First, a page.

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Eating Fire: My Life as a Lesbian Avenger

Copyright Date: 2014
Pages: 256
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  • Book Info
    Eating Fire
    Book Description:

    When Kelly Cogswell plunged into New York's East Village in 1992, she had just come out. An ex-Southern Baptist born in Kentucky, she was camping in an Avenue B loft, scribbling poems, and playing in an underground band, trying to figure out her next move. A couple of months later she was consumed by the Lesbian Avengers, instigating direct action campaigns, battling cops on Fifth Avenue, mobilizing 20,000 dykes for a march on Washington, D.C., and eating fire-literally-in front of the White House.

    At once streetwise and wistful,Eating Fireis a witty and urgent coming-of-age memoir spanning two decades, from the Culture War of the early 1990s to the War on Terror. Cogswell's story is an engaging blend of picaresque adventure, how-to activist handbook, and rigorous inquiry into questions of identity, resistance, and citizenship. It is also a compelling, personal recollection of friendships and fallings-out and of finding true love-several times over. After the Lesbian Avengers imploded, Cogswell describes how she became a pioneering citizen journalist, cofounding theGullyonline magazine with the groundbreaking goal of offering "queer views on everything."The first in-depth account of the influential Lesbian Avengers,Eating Firereveals the group's relationship to the queer art and activist scene in early '90s New York and establishes the media-savvy Avengers as an important precursor to groups such as Occupy Wall Street and La Barbe, in France. A rare insider's look at the process and perils of street activism, Kelly Cogswell's memoir is an uncompromising and ultimately empowering story of creative resistance against hatred and injustice.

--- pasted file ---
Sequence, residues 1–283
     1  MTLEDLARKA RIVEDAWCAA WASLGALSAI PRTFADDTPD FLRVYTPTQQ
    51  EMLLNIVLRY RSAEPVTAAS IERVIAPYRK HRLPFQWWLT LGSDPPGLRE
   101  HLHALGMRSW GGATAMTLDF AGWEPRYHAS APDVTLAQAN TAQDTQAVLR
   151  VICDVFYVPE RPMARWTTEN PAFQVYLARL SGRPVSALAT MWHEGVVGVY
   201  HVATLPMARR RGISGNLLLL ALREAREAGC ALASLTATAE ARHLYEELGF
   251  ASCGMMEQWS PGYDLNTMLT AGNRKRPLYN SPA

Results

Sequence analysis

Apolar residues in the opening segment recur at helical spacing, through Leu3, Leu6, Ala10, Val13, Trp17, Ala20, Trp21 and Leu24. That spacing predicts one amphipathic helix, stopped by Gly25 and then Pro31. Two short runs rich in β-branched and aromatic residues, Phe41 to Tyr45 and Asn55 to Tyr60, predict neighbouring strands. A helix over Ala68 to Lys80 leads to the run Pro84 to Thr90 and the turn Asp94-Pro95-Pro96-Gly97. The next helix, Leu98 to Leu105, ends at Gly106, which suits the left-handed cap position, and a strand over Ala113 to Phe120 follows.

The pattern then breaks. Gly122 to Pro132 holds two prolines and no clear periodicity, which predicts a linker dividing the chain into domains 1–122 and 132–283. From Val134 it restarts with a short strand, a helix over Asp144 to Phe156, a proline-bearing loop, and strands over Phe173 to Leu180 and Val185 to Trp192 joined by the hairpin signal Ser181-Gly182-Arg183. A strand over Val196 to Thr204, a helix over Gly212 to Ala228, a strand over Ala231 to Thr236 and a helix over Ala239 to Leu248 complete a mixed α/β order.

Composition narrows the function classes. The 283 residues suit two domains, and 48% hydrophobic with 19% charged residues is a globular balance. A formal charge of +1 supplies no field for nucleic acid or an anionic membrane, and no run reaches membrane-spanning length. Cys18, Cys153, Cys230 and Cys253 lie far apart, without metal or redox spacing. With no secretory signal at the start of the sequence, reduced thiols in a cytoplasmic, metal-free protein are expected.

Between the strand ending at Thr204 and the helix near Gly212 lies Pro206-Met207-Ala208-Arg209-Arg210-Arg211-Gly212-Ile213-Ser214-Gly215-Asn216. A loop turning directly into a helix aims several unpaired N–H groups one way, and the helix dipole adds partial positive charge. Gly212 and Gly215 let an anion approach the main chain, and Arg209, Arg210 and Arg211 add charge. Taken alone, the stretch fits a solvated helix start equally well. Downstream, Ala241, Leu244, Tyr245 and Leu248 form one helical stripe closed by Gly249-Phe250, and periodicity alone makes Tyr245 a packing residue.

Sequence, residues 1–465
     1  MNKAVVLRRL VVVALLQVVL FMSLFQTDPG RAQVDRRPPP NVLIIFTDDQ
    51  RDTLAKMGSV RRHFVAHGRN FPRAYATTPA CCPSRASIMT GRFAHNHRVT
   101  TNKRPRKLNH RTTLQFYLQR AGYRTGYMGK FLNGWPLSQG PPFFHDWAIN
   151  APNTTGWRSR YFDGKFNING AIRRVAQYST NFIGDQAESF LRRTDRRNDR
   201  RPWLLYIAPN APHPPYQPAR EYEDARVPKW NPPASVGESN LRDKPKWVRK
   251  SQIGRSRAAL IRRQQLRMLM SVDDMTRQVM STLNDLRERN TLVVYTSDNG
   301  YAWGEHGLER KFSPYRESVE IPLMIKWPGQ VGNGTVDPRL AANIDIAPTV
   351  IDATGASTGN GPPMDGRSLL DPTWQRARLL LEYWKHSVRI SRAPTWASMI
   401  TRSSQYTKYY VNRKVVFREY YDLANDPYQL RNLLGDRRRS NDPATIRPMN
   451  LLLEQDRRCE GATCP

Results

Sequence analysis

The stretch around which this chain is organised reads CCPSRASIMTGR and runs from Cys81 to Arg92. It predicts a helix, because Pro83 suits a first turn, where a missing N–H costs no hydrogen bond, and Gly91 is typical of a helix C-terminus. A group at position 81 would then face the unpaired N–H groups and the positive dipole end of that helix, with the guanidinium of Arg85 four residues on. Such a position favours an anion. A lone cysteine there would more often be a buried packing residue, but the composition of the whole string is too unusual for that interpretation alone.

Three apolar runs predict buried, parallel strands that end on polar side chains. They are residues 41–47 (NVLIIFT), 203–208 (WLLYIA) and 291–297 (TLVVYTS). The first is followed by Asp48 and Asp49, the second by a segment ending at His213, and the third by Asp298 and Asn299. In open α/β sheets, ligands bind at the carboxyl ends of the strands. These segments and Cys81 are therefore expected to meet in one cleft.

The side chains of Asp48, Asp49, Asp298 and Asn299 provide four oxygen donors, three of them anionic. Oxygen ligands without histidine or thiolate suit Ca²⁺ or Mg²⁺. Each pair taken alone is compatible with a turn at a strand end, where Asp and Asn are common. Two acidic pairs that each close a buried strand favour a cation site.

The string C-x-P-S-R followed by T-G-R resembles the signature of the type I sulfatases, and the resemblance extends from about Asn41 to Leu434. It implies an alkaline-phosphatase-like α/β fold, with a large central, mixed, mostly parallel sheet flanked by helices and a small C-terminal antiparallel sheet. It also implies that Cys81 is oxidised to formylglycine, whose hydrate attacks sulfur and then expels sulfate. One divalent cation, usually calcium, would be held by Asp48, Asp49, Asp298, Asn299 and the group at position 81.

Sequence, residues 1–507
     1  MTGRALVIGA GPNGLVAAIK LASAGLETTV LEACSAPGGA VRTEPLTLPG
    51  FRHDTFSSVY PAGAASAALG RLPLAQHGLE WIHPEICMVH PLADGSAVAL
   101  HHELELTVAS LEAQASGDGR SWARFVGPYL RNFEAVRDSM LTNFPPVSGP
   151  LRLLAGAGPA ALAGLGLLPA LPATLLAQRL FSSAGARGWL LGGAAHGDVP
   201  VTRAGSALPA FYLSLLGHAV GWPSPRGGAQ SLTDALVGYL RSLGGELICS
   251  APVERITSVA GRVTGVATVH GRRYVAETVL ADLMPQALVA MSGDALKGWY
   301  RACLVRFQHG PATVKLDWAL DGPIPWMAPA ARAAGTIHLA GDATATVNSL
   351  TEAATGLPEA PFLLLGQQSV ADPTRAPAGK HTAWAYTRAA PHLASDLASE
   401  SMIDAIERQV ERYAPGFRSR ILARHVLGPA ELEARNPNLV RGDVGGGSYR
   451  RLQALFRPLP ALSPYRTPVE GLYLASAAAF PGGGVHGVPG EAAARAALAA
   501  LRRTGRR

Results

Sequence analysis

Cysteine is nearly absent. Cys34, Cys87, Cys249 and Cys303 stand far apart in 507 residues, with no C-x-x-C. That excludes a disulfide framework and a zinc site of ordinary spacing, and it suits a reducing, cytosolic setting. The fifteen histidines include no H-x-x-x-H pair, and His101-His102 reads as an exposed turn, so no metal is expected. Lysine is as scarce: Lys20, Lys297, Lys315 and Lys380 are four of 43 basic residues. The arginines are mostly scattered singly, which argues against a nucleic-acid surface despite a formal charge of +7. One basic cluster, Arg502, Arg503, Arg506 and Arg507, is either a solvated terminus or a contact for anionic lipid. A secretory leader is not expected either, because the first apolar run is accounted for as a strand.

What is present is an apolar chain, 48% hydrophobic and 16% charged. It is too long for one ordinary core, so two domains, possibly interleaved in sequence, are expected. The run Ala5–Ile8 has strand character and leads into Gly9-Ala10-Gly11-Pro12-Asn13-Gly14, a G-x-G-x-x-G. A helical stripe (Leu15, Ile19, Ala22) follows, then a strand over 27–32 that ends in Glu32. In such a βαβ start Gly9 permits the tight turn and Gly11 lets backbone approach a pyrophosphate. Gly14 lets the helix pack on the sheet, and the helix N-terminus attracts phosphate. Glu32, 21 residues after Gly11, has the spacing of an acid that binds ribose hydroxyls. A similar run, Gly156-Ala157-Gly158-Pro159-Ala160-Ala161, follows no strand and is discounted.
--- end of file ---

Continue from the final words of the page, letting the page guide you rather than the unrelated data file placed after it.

eISBN: 978-1-4529-4132-5
    Subjects: History, Sociology

Table of Contents

  1. Front Matter
    (pp. [i]-[vi])
  2. Table of Contents
    (pp. [vii]-[viii])
  3. I. Activist Honeymoon
    (pp. 1-60)

    In 1992, when the Lesbian Avengers started, I was living in a loft on Avenue B with my ex-girlfriend Amy, and her roommate, Rennes, who would pick up closeted fags and have noisy, slurpy sex. I shouldn’t complain. He’d agreed to let me live there for cheap, the broke poet with some weird disease that had me crying out with feverish dreams, disrupting his postcoital sleep. Drag queens had been there first, and it took days for me and Amy to clean the eye shadow ground into the bathroom grout. Above us was our tequila-soaked landlady whose overflowing Jacuzzi sometimes...

    (pp. 61-138)

    I courted her with pints of chocolate Häagen-Dazs and lines from Calderón de la Barca, “¿Qué es la vida? / Un frenesí. ¿Qué es la vida? Una ilusión/ Una sombra, una ficción . . .” What is life? A frenzy. What is life? An illusion, a shadow, a lie. I took her to Kathryn’s where we gave a command performance as The Sextets.

    Once, I recited the litany of all the places I’d stayed after the shaving performance when the Colombians kicked me out of the Rego Park apartment. There was the house in Long Island packed with South Asians...

    (pp. 139-198)

    Melanie moved out, fleeing the former activist den, and we turned her bedroom into an office with a desk for each of us. I was done as an activist, I declared. Done as a poet. I didn’t do another performance until long after we moved to Paris. My lofty thoughts were all about money. I decided to try my hand at the voodoo of fiction. First, a screenplay set at the New York headquarters of a tobacco company with a cast of interracial queers solving a murder. See how easy it is to get along if you just know your...

    (pp. 199-236)

    Véronique was right. The apartment was tiny. The kitchen no bigger than a bathroom stall, the toilet instructive, teaching me my first new word,fuite. Leak. Also, escape. We walked from dawn until dusk as if we were still in flight, returning only for Ana’s quick translations and to sleep. The city smelled of sun and ripe fruit. It didn’t rain for weeks. When we got hungry, we’d pop into a bakery and grab a croissant or baguette stuffed withsaucissonor cheese. When we were tired, we’d sit in some crumbling church and listen to organists practicing on ancient...

    (pp. 237-237)
  8. Back Matter
    (pp. 238-238)